To say the very least, Pfc. B. Manning’s alleged leaks have added to our knowledge of war and statecraft. The disclosures have fueled hundreds if not thousands of stories in the world’s major newspapers; they have stripped the spin and lies off the official versions of the Afghanistan War and the Iraq War; they have shined a light into the pseudo-legal prison camp of Guantánamo. The leaked diplomatic cables have provided a partial view of how the world’s greatest power conducts its affairs, and candid accounts of how many nations run themselves.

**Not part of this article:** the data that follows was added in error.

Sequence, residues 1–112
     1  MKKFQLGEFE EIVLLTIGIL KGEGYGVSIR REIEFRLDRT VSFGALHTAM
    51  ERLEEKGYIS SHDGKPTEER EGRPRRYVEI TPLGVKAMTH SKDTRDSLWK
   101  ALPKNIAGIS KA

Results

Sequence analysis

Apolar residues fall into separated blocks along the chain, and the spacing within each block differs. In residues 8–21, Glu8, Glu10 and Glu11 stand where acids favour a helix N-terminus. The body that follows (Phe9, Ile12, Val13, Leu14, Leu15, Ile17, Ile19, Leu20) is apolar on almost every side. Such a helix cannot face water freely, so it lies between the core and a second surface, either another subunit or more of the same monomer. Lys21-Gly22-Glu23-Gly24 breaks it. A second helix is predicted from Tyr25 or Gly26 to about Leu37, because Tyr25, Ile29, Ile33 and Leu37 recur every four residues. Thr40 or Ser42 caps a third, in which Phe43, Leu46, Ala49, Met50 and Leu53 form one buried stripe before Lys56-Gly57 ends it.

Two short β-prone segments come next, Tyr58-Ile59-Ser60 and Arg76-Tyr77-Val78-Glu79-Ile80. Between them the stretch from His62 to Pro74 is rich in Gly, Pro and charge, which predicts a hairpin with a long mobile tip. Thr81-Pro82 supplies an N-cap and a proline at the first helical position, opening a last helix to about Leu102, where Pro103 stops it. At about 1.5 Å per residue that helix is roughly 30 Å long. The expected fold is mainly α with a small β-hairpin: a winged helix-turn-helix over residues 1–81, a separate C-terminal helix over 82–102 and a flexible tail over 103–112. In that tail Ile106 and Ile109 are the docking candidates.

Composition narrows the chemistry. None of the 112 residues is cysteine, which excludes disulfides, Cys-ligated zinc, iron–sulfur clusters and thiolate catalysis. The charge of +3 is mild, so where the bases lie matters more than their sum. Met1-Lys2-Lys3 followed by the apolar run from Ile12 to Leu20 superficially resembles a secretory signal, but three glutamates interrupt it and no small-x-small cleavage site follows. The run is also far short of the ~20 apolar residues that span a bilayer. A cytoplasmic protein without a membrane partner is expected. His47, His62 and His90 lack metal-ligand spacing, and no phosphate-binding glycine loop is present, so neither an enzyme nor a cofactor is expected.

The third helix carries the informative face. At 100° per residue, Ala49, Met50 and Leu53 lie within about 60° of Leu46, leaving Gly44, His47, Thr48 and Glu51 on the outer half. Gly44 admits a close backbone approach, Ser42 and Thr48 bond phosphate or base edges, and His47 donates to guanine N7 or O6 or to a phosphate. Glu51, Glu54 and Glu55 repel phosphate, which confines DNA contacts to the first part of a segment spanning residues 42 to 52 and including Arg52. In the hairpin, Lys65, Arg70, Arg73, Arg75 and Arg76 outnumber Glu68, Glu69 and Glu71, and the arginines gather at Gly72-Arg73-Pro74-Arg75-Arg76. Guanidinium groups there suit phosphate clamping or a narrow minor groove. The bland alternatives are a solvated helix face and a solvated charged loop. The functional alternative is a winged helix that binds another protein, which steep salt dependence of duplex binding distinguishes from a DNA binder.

But what impact have these leaks had? Have they rolled back the invasion of Iraq or the “intervention” in Afghanistan? Have they led to the “worldwide discussion, debates, reforms” that B. Manning hoped for? Have they changed foreign policy? What role, for that matter, do leaks of death squads and free-fire zones ever play in ending wars and shaping statecraft?